Japan suffered a further setback ahead of the Asian Cup when Gamba Osaka striker Ryuji Bando was ruled out of the finals with a hamstring injury.
Bando’s place in the 23-man squad was taken by FC Tokyo youngster Masahiko Inoha on Wednesday just hours before coach Ivica Osim and Co. left for Hanoi.
The 21-year-old Inoha plays as a defensive midfielder but featured at center back in Japan’s under-22 side during the recent Olympic qualifiers.
Bando hurt his right hamstring during a practice match on Tuesday, according to the Japan Football Association.
The striker’s withdrawal is a another blow to Japan’s chances of lifting a third-straight Asian crown after Urawa Reds center-back Marcus Tulio Tanaka and JEF United Chiba defender Hiroki Mizumoto were ruled out last week after failing to recover from injuries in time.
Osim was in a cautious mood on Tuesday on the final day of the squad’s training camp in Narashino, warning reporters that a fourth continental title, after the triumphs of 1992, 2000 and 2004, is far from a foregone conclusion.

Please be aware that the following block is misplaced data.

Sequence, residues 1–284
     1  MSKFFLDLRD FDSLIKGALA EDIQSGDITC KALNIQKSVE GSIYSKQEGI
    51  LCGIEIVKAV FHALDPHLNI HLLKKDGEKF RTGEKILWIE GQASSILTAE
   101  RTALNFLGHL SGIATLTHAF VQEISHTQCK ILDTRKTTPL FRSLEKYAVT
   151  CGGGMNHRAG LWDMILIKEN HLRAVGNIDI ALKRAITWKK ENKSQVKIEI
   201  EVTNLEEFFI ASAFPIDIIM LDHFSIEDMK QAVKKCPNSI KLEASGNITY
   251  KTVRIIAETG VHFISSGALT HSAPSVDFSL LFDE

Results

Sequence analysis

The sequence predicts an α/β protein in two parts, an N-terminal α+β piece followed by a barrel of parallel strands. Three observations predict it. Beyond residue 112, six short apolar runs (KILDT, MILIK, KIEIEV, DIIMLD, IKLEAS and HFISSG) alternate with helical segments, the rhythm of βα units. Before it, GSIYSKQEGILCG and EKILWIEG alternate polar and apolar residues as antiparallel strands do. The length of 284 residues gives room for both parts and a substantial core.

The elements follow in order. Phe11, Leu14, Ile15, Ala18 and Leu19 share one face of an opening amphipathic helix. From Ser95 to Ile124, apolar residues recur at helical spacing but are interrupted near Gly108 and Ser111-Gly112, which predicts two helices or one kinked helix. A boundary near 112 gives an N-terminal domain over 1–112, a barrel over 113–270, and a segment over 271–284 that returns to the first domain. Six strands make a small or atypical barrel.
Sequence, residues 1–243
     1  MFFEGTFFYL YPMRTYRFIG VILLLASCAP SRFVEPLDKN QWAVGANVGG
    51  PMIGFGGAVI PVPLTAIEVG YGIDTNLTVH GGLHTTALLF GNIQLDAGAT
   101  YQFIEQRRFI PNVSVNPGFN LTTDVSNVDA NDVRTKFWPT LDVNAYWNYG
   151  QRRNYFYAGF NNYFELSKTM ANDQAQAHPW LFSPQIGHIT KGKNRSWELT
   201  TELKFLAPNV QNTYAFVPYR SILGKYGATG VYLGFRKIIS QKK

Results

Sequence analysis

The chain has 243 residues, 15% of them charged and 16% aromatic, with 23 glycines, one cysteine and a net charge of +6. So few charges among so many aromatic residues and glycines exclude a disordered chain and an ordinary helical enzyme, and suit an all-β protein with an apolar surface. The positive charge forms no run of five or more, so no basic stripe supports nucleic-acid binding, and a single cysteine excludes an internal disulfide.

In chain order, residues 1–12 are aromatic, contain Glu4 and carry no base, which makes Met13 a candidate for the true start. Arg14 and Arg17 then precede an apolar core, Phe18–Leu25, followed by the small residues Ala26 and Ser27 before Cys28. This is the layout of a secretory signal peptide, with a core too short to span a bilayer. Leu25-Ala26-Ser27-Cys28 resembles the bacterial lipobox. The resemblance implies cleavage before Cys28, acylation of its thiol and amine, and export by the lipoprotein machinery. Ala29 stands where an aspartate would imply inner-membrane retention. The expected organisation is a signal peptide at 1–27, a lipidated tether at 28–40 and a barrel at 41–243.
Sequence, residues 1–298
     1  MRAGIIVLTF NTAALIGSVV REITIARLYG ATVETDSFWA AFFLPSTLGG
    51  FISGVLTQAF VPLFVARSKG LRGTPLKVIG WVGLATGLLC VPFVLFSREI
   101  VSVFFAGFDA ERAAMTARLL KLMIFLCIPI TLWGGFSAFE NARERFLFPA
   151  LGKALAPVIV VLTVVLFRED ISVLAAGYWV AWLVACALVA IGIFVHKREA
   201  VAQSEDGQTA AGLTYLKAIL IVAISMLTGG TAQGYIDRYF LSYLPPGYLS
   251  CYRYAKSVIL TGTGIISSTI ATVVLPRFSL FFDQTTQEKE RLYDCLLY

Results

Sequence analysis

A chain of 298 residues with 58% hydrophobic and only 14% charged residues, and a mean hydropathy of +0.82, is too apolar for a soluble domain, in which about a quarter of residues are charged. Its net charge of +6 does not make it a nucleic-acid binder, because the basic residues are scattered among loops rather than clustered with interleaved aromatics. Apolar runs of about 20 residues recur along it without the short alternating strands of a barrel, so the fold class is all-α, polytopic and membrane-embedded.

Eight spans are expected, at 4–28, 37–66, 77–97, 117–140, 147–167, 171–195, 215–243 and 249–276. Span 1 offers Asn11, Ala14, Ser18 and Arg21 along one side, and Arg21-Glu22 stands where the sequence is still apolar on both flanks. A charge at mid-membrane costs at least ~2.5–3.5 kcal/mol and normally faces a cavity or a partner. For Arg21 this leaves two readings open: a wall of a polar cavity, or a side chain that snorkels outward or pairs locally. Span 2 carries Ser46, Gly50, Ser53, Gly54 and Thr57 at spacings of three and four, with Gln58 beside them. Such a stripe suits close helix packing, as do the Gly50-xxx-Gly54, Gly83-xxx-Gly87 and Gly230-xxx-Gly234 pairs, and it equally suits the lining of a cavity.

“You should not be surprised by any result. You may be expecting us to come home after the final on July 29 but there is the possibility we will come home after just three group matches,” Osim said.
“Whatever result we may produce, it won’t be the end for Japanese football. It will rather be our start for the World Cup qualifying round next year,” the 66-year-old Osim said.
Japan, based in Hanoi for the first round, plays Asian Games gold medalist Qatar on Monday in their opening game of the July 7-29 tournament cohosted by Vietnam, Thailand, Malaysia and Indonesia.
Osim’s men also face United Arab Emirates and cohost Vietnam in Group B.
The Bosnian coach has made clear his dissatisfaction with Japan’s build up to the finals. The J. League schedule ran until June 30, leaving the coach with scant time for preparation and his players tired. In contrast, Australia, perhaps Japan’s strongest rival in the tournament, has spent time together at a training camp in Singapore ahead of the finals.
“Our opponents know that our players are tired . . . I must work out something so we are not stuck in a high-rhythm, high-tempo game.” Osim said.
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